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Nothing in Vain when Everything is Vane

Cristina Vane: From Rock to Ole Time

by Kara Martinez Bachman


Cristina Vane plays clawhammer banjo, but she has as much old time in her as she has plugged-in rockstar. She’ll jam like Slash from Guns N’ Roses, and she’ll study the country vibe of Jerry Reed. She’ll lay into some Delta blues that sound like Blind Willie Johnson. She’ll play slide on a resonator or craft something that seems like a mix of all things.

It’s not odd, she seems to think. She’s just doing what interests her, without regard for shaping an image. It’s just all her, exploring what tickles her fancy. It’s all about being her authentic self, always.

“I feel as though my authentic self is …multidimensional,” Vane said. “And it follows that my music is multidimensional.”

It’s no surprise that her music reflects a variety of experiences and interests. A life of living everywhere—and nowhere—informed her paradigm. Today she calls Nashville home, but Vane was born in Italy; lived as a child in Paris; spent some time in England; schooled herself in New Jersey, and grew as a performer while busking on Venice Beach.

While living there in L.A., Vane – whose roots were in rock and even punk – became fascinated with – and began to delve deeply into – blues, bluegrass, and Americana forms, styles, and instruments.

“I got a job at a guitar shop and got my first cheap resonator,” Vane recalled. She soon found a guitar mentor, then began going to open mics and busking on the boardwalk in Venice. “Then I went on a six-month tour,” she said. “I did ten shows a month or so, living out of my car and tent.”

According to Vane, these itinerant meanderings are part and parcel of who she is and has always been and seem at the core of that authentic self she seeks to share with listeners.

“It’s been a constant sense of not really being from anywhere,” she said, relaying how floating cross-culture is a motif that might make her music more expansive. “It puts me in the role of a sort of cultural observer. I spent a lot of time watching…when I’m out touring, it’s a lot of observing. This country is so big, and that’s cool to me.”

Sometimes, Vane will have people ask about the fact that she’s a woman playing the blues, and this rubs her the wrong way. Why can’t a woman play the blues? Why even ask that question?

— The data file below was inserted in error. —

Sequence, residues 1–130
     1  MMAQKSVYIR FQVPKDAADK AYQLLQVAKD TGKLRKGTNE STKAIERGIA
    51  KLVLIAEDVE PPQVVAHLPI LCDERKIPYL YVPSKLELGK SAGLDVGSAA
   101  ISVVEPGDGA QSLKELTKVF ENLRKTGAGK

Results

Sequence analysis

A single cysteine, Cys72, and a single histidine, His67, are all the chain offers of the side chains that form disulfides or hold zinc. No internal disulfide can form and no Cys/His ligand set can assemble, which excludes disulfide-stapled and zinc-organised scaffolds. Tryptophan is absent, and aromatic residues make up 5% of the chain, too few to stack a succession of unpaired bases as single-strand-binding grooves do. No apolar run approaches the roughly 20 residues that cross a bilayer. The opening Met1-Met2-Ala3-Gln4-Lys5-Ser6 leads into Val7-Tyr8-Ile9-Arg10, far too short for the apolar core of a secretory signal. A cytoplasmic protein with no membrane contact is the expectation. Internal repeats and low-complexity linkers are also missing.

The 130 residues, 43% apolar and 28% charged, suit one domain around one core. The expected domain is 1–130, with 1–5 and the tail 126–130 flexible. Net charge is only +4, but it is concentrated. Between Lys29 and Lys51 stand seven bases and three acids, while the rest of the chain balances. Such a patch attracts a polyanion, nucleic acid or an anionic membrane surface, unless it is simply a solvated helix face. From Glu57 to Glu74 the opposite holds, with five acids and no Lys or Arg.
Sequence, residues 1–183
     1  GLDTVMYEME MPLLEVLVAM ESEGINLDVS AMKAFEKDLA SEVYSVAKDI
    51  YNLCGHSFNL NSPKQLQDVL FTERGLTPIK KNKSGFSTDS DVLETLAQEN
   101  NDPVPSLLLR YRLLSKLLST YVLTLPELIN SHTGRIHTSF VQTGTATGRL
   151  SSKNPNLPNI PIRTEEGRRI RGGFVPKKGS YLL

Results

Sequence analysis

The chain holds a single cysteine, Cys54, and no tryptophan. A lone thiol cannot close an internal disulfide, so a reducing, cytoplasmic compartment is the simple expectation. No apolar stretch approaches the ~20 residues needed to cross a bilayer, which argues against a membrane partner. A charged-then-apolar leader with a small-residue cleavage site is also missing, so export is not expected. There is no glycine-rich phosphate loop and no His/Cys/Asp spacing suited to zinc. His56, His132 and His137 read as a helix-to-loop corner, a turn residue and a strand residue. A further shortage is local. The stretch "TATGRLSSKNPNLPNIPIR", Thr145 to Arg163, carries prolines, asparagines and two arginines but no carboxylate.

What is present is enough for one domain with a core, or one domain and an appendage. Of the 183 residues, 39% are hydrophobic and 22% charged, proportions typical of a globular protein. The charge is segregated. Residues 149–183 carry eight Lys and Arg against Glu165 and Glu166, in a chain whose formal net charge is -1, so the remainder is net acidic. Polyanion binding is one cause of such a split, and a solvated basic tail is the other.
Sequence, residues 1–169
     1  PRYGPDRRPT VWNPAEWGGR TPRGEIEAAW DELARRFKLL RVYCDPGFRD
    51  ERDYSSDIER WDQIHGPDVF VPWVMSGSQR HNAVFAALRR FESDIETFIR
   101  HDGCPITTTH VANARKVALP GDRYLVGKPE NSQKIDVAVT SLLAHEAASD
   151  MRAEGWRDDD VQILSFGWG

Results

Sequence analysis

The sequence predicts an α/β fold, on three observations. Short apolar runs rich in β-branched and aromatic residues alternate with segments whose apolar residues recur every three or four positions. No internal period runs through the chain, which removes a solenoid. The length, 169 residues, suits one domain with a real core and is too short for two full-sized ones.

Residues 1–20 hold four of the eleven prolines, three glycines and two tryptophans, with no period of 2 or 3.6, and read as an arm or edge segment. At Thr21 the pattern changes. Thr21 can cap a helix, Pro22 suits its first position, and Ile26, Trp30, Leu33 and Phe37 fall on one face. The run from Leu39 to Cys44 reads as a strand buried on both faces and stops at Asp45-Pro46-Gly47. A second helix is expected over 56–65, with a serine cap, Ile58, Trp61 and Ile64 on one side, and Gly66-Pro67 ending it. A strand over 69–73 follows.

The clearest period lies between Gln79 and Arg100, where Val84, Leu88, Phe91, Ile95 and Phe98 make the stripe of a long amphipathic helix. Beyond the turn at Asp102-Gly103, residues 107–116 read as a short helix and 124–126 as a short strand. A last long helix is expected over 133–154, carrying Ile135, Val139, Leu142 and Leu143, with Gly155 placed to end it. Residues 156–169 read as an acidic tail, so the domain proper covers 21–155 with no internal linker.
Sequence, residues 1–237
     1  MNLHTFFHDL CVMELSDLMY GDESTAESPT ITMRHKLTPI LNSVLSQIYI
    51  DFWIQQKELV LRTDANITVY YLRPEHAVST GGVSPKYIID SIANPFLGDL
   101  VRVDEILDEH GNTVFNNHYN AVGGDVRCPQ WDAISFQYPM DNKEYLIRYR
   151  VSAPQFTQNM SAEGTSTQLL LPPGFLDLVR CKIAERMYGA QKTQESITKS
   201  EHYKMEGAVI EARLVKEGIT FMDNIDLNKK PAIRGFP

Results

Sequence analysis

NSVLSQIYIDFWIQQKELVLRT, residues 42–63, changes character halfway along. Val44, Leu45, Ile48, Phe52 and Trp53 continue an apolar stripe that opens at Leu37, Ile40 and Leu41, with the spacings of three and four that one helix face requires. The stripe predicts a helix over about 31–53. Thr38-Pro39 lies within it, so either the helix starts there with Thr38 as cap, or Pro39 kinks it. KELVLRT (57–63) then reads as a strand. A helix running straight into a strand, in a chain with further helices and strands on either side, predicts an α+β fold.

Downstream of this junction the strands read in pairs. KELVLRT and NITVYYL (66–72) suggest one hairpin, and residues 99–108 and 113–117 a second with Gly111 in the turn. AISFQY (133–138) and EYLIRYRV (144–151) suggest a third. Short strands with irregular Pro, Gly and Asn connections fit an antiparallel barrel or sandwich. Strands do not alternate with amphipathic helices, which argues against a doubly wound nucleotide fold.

“I fundamentally believe that women are treated differently,” she said. Vane saw this even as a youngster. “All the people I saw living the rock star dream were men,” she said. “Women aren’t even involved [in rock] unless they’re groupies.”

Vane recalls that she always wanted to live a life similar to Slash from Guns N’ Roses. For women musicians, there were few female role models to relate to. There were few examples to emulate. “Who’s my Slash?” Vane asked rhetorically.

Over time she has updated her goals, and the result is a well-rounded constellation of influences and interests. “I love rock music,” she said, “but I also play soft banjo. I play clawhammer banjo, so part of my set is old-time music.”

Vane has released two albums, the most recent being the May release of Make Myself Me Again. Vane said it has done well—people like what she’s putting out there. “It’s been really good,” she said. “I’m pretty small fry, so I get excited when it’s played on the radio. People seem to like it.”

As for the future, Vane said she’ll probably take a little break from heavy touring in the near future and will “hunker down for the winter” and work on her next record. She gives no specific timeframe for when that’s projected to drop but assures it probably won’t be until sometime in 2024. She’s recorded two records in two years, and there’s no rush on the third.

“I’m really grateful,” Vane said. “I’m grateful that now that I’m trying to make a living doing this, there are people whose support helps keep the dream alive.”
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